6. Quit the clean-plate club

If you find yourself feeling satisfied before your meal is finished, give yourself permission to stop eating.

“Be comfortable leaving food on your plate. As Americans, that can be a hard concept for us to understand,” Macauley said. “If you don’t want to waste money, grab a to-go box and bring it home for lunch the next day.”

7. Avoid skipping meals earlier in the day

Any time you’re planning to go out for a big meal, Macauley recommends eating breakfast and lunch, rather than skipping meals to build your appetite or save calories. Arriving at the restaurant feeling famished just makes it harder to make healthy decisions.

“You really want to be sure you’re fueling your body through the day, going about business as usual,” she said. “While it’s not something you’re cooking at home, at the end of the day it’s just another meal.”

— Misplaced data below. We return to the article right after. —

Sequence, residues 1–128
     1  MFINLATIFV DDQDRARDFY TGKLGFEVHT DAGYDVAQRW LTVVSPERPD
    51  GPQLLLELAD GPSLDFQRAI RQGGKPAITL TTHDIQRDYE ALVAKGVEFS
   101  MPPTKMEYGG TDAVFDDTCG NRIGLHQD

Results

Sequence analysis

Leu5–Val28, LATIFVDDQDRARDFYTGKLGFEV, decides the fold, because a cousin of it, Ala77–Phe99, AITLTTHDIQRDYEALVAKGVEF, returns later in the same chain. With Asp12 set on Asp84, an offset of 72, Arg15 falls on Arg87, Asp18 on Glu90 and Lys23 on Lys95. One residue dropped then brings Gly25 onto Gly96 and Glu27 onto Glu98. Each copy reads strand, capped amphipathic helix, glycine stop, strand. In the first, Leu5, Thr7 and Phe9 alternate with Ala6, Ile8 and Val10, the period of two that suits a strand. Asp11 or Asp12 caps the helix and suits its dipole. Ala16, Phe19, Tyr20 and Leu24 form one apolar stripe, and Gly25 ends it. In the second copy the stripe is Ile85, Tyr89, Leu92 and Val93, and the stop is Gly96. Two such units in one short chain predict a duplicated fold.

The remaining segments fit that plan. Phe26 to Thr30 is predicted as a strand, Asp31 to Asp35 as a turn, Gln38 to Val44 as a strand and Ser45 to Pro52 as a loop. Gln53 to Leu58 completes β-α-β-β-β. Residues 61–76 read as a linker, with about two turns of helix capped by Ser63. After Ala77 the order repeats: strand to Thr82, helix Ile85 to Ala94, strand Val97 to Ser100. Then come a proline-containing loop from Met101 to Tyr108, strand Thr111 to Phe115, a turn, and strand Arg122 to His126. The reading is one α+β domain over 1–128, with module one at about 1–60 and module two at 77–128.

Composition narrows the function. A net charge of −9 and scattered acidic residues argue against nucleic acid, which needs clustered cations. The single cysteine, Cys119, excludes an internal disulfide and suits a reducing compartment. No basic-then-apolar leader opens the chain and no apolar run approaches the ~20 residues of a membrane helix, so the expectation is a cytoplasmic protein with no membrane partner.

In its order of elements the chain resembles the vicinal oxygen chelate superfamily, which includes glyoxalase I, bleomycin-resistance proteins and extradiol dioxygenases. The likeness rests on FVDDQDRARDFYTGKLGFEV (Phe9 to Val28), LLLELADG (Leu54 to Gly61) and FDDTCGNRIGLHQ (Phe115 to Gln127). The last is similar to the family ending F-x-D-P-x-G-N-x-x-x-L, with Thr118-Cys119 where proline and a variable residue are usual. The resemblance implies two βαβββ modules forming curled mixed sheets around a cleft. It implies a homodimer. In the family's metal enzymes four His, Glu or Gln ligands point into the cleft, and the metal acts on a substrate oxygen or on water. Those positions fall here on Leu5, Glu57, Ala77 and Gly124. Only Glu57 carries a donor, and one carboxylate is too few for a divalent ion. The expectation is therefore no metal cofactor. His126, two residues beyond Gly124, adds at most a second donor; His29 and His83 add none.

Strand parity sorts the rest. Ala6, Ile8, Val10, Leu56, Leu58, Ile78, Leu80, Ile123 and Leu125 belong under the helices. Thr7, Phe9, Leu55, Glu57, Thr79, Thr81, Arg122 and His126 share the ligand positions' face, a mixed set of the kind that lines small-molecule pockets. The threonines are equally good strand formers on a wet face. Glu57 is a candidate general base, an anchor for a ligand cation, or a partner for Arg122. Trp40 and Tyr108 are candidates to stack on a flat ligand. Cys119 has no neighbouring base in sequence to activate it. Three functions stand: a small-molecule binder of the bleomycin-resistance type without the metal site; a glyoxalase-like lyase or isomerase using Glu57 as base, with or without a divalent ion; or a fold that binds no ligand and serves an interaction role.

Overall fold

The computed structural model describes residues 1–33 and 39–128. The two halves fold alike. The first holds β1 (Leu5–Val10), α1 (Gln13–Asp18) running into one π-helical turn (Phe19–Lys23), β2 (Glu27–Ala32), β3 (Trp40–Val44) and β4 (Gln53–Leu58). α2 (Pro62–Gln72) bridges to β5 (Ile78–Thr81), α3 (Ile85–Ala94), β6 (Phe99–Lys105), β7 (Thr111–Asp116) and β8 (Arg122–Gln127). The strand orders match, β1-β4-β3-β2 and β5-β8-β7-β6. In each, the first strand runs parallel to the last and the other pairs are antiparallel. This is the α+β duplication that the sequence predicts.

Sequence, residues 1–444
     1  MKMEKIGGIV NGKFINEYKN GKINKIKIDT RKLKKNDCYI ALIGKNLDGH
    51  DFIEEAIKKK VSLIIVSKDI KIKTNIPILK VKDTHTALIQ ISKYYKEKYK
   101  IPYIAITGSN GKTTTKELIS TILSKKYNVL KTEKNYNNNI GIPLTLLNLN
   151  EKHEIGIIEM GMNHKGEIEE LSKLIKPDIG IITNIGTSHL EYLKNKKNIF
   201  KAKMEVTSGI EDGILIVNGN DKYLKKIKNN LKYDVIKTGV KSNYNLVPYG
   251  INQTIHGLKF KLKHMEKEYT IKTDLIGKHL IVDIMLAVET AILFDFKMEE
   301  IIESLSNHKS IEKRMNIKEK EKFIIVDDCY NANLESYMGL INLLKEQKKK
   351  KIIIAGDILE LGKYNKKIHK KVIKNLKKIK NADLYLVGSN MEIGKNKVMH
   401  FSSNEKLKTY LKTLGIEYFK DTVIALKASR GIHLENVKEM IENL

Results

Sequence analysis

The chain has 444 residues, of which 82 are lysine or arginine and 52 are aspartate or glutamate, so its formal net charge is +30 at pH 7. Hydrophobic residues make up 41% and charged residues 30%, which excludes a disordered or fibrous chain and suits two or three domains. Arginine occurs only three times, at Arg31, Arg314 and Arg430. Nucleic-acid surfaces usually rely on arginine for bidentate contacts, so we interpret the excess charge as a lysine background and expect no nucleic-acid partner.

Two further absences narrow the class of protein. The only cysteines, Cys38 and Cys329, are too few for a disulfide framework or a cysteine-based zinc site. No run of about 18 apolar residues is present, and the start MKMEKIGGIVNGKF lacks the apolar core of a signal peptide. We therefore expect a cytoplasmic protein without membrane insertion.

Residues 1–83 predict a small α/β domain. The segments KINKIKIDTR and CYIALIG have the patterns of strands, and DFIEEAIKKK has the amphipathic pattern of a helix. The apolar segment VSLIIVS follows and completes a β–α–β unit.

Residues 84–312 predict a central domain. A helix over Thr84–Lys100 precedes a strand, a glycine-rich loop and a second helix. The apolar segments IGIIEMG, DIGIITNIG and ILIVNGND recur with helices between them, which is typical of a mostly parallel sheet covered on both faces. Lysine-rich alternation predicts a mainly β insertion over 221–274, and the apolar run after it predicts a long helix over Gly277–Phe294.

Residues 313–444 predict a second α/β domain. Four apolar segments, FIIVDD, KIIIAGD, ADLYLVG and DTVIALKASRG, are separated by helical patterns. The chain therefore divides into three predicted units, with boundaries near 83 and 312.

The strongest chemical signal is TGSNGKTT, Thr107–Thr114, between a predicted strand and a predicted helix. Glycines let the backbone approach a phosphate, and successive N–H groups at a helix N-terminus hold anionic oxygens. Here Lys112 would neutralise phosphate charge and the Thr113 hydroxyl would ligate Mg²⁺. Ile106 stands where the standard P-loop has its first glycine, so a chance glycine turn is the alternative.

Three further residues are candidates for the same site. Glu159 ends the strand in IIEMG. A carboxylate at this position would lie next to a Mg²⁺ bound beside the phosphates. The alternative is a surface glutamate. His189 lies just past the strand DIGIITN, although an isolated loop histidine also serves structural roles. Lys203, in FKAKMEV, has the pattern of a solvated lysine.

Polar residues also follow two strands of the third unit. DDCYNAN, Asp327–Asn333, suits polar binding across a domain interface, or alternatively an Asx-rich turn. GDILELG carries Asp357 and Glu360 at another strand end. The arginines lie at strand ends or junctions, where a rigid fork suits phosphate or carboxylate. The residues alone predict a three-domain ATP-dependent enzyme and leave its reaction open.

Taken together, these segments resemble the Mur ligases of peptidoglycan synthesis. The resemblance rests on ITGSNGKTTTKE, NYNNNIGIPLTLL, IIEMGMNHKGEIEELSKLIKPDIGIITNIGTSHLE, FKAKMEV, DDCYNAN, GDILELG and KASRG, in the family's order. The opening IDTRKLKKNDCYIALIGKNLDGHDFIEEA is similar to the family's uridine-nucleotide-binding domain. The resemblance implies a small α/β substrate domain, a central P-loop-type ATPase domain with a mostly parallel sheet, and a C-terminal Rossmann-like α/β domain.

8. Embrace the experience

Special meals are a communal event. We gather around the table and enjoy the food, but the real focus is on the people around you. So, instead of stressing about what you choose to eat or not eat, focus on being present in the moment and enjoying the company. And if you do overindulge? Let it go.

“Make sure not to be too hard on yourself,” Macauley said. “If you feel like you went overboard at any point, just start over.”